The primary target population of IROI is the villages of in the Anand district of Gujarat, located 250 miles north of Mumbai, India. Village size varies from 3-5,000 people per village to as large as 25,000 or more. Agriculture is the principal occupation of this demographic with tobacco and cotton constituting the dominant portion of the production. There is also a large dairy and poultry industry in the region. Anemia and malnutrition are the most prevalent diseases afflicting residents and during the monsoon season a large outbreak of malaria often occurs. Certain occupational risks, such as silicosis (resulting from the inhalation of fine particles by industry worker) and brucellosis (a common disease in cows transferred to humans through the consumption of unpasteurized milk from an infected cow), are also prevalent. The healthcare industry in this region, similar to the rest of India, is pluralistic in nature and consists of ayurvedic, homeopathic, and allopathic branches of medicine. There is a subsidized form of allopathic care available to patients at public medical facilities. Most of the large healthcare centers are located near cities, leaving many villages isolated from tertiary care.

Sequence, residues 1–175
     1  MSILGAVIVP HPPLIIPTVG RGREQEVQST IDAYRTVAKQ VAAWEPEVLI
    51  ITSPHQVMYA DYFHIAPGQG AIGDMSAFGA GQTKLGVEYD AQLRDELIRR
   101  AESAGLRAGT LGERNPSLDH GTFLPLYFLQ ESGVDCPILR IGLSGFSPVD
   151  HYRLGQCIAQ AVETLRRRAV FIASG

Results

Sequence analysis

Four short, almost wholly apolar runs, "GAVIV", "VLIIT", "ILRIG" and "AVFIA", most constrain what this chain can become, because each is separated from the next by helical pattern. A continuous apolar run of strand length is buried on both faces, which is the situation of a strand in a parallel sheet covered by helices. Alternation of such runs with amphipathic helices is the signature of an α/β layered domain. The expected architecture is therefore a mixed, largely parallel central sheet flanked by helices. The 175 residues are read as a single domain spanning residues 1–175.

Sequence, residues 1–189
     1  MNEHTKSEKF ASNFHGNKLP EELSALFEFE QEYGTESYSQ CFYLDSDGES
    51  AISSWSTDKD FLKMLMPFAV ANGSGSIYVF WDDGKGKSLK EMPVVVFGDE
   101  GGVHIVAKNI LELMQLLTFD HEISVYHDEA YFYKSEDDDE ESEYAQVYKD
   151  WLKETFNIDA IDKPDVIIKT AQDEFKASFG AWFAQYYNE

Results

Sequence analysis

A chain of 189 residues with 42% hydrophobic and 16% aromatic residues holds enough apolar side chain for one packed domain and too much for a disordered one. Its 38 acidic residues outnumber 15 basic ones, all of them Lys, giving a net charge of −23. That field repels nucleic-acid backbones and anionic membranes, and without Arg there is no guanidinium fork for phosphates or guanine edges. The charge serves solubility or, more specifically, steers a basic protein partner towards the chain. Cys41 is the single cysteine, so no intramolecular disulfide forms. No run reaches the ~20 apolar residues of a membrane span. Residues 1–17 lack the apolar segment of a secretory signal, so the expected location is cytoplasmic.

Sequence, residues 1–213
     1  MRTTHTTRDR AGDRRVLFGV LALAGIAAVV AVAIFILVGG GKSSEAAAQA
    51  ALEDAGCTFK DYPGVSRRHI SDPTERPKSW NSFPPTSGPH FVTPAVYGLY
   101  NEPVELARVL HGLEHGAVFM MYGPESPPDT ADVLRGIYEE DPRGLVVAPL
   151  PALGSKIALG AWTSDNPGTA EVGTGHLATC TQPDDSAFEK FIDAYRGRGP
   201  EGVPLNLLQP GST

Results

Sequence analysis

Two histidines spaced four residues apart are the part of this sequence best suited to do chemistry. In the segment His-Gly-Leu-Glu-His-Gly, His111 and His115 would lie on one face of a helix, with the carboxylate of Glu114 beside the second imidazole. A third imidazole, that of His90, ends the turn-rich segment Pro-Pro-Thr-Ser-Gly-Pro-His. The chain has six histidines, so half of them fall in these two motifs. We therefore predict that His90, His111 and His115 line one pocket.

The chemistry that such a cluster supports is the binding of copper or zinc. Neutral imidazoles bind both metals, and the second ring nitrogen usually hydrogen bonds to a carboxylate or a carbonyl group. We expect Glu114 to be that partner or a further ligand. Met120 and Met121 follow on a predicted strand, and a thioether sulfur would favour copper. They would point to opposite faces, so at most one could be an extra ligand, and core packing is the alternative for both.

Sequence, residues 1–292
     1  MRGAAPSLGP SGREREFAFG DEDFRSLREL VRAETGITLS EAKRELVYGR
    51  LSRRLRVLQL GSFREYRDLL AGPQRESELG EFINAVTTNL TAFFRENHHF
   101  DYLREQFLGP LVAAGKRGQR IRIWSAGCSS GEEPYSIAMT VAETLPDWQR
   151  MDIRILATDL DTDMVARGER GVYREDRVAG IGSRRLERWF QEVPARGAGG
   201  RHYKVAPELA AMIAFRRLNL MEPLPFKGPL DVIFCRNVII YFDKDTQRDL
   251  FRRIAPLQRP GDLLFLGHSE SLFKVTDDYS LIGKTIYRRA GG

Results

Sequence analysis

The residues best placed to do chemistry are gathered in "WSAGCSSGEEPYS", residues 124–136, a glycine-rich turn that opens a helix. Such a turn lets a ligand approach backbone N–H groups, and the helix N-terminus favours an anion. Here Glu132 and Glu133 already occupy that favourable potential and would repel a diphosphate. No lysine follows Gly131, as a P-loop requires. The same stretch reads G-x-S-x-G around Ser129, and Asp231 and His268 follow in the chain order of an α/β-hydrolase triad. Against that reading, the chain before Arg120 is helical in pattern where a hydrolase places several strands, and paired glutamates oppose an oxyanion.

Most of the villages in this region adhere to a uniform structure in which the nucleus of the village is marked by a gate. The premise enclosed within the gate is further segregated into various colonies based on occupation or religious affiliation, such as potter, blacksmith, goldsmith, farmer, Muslim, or Christian.
There are several communities that reside outside the gate and are not considered part of the nucleus village. Such communities are referred to as the sim-vistar (sim – border, vistar – area) or para-vistar. Low-caste families usually comprise the population living in the para and sim-vistar.